As the total number of children who participate in sport continues to increase, so, too, has the number of those children who are specializing in a single sport. There is no doubt that focused, deliberate sport-specific practice and years of dedication are required to achieve excellence in both individual and team sports. The question is, should this intense sport specialization begin during childhood and early adolescence? Parents are major players in this drive toward early sport specialization, often with the goal of their child earning a college scholarship, or the fame and fortune that come with professional or Olympic sport. Although less than two percent of high school athletes will achieve even a partial scholarship, parents invest countless hours and dollars in the pursuit of this goal.
The model for early sport specialization has multiple roots. The concept of identifying potential talent and developing it at a young age has roots in the successes of Eastern European and Soviet athletes during the 1960s and ’70s. We now know that those successes were largely due to illegal doping, but the idea of early sport development became U.S. dogma as these successful coaches and sports scientists migrated to America and became involved in elite sport programs. Driven for success for their children, many parents believe that an early start is necessary to obtain a competitive edge. This idea is reinforced with the popular successes of athletes like Tiger Woods, who was introduced to golf as a young child, and through years of deliberate practice and dedication, achieved golf excellence and stardom.
However, there are risks to early sport specialization. By placing all of their time and effort toward one sport, young athletes risk social isolation and over-dependence on their specific team or small group of athletic peers. Burnout is a common result. Young athletes cannot always handle the physical and psychological demands of pursing excellence, and resultant chronic stress can cause agitation, anger, sleep disturbance, depression, loss of interest in practice and school, and even illness. Injury, specifically of the overuse type, can result from the repetitive demands of a single sport, and frequently is the catalyst that leads to athlete burnout and sport dropout. Early specialization sports like gymnastics and swimming, where success can be achieved at a young age and usually by females, tend to have among the highest rates of early burnout and overuse injury.
So, does the literature support early targeted sport specialization? The vast majority of published literature refutes the idea that early sport specialization is necessary for the achievement of elite sports success. The exception seems to be women’s gymnastics, where many athletes reach elite status before puberty, and thus intense training and specialization during early childhood correlates with ultimate level of competitive success. In contrast, a study of German Olympic and near Olympic athletes showed that athletes who began intense training later (after 13 years old) and participated in multiple sports achieved elite Olympic status at a much greater level. In a study of Danish Olympic elite and near-elite athletes, elite athletes participated in multiple sports and spent less hours practicing than the near elite athletes until the age of 15. In a 2010 study of 376 Division 1 female athletes, only 17 percent participated exclusively in their current college sport during their youth, and the vast majority participated in multiple sports during high school. In another study of elite soccer players who progressed to professional status by the young age of 16, the only difference between the professionals and those who did not achieve professional status was that the professionals reported more hours per year in unstructured (not deliberate practice) soccer activities. This study is similar to others that show that enjoyment of sport and intrinsic motivation predict long term success.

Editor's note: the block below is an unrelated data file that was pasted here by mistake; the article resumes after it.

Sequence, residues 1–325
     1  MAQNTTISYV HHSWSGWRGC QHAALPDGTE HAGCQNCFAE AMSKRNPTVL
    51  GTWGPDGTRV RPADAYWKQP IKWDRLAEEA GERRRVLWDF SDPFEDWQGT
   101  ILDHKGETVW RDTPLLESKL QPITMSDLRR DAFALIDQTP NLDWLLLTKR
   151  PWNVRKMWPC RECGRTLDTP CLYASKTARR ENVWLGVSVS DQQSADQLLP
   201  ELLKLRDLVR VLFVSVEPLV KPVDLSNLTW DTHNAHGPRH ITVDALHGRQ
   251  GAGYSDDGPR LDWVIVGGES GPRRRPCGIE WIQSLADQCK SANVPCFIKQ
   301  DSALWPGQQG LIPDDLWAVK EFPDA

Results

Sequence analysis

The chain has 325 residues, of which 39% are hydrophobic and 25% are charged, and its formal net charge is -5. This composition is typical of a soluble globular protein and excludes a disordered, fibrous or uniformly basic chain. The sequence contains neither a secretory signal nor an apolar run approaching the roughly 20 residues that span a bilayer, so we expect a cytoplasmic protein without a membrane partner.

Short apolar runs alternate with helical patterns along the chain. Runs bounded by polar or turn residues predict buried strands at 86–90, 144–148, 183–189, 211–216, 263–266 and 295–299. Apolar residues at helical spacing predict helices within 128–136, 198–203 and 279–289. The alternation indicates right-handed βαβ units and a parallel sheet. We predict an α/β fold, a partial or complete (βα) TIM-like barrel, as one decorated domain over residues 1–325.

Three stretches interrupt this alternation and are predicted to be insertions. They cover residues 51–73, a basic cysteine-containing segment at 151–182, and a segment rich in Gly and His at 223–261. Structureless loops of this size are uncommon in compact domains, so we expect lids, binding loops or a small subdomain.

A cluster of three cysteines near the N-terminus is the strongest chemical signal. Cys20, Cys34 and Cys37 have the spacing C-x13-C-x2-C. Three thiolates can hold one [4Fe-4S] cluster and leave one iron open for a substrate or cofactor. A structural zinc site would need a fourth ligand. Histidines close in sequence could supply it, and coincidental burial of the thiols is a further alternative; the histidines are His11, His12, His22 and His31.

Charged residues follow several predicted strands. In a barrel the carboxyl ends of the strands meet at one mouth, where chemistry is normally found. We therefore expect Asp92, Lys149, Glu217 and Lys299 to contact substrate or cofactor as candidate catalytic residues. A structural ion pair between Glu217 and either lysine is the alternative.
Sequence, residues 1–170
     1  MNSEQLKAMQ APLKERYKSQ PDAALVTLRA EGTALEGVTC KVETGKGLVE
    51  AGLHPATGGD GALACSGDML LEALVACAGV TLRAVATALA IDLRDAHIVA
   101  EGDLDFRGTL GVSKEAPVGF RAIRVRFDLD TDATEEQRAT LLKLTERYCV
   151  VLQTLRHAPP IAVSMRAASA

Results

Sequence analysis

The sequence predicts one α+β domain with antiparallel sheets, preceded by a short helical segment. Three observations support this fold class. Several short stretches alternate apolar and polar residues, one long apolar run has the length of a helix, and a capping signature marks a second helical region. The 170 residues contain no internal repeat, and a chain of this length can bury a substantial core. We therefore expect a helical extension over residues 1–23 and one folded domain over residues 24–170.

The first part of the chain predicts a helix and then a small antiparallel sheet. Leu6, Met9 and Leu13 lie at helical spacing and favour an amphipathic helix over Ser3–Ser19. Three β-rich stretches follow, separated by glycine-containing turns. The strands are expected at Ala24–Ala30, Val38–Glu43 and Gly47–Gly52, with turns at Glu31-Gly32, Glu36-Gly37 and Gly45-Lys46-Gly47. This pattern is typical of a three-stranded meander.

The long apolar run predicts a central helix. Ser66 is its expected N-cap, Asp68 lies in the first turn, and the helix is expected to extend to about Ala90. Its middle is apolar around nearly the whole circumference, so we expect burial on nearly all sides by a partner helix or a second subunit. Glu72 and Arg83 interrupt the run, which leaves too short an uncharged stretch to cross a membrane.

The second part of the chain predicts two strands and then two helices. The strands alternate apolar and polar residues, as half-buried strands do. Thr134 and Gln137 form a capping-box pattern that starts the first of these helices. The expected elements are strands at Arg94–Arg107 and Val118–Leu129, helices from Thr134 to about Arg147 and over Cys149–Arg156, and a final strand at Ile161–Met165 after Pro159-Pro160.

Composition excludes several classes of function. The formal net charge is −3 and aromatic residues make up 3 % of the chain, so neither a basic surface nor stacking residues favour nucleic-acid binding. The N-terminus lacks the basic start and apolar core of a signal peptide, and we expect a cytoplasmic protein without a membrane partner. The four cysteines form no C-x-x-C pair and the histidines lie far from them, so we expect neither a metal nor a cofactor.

As parents, we all want the best for our children and derive great satisfaction from their successes. Parents and coaches should encourage dedication, hard work, fair play and sportsmanship – but, above all, should emphasize fun. Encouraging participation in multiple sports fosters the maturing youth athlete in their physical, cognitive and psychosocial development, promotes motivation, and leads to more sport enjoyment. While development of sport specific technical skill and aerobic capacity can be developed during childhood, the gains are much less pronounced than those that are produced during adolescence. For children who do choose to specialize in a single sport, evidence suggests that year-round sport specific practice should be interrupted by focused periods of strength and conditioning. Focused neuromuscular conditioning programs, like the Sportsmetrics Program, have demonstrated significant improvements in sports performance and reduced injury risk. By delaying single sport specialization, long-term success can be optimized while minimizing our children’s risk to injury, psychological stress and burnout. FBN
By Torey Botti, M.D.
Dr. Botti is an Orthopedic Surgeon at Flagstaff Bone and Joint where he serves as the director of the Sportsmetrics Injury Prevention and Performance Program. Dr. Botti serves as an assistant team physician for the U.S. Snowboard Team and is the founder of the Flagstaff Sports Medicine Institute, a non-for profit organization dedicated to educating athletes, parents and coaches on matters of sport performance and injury prevention.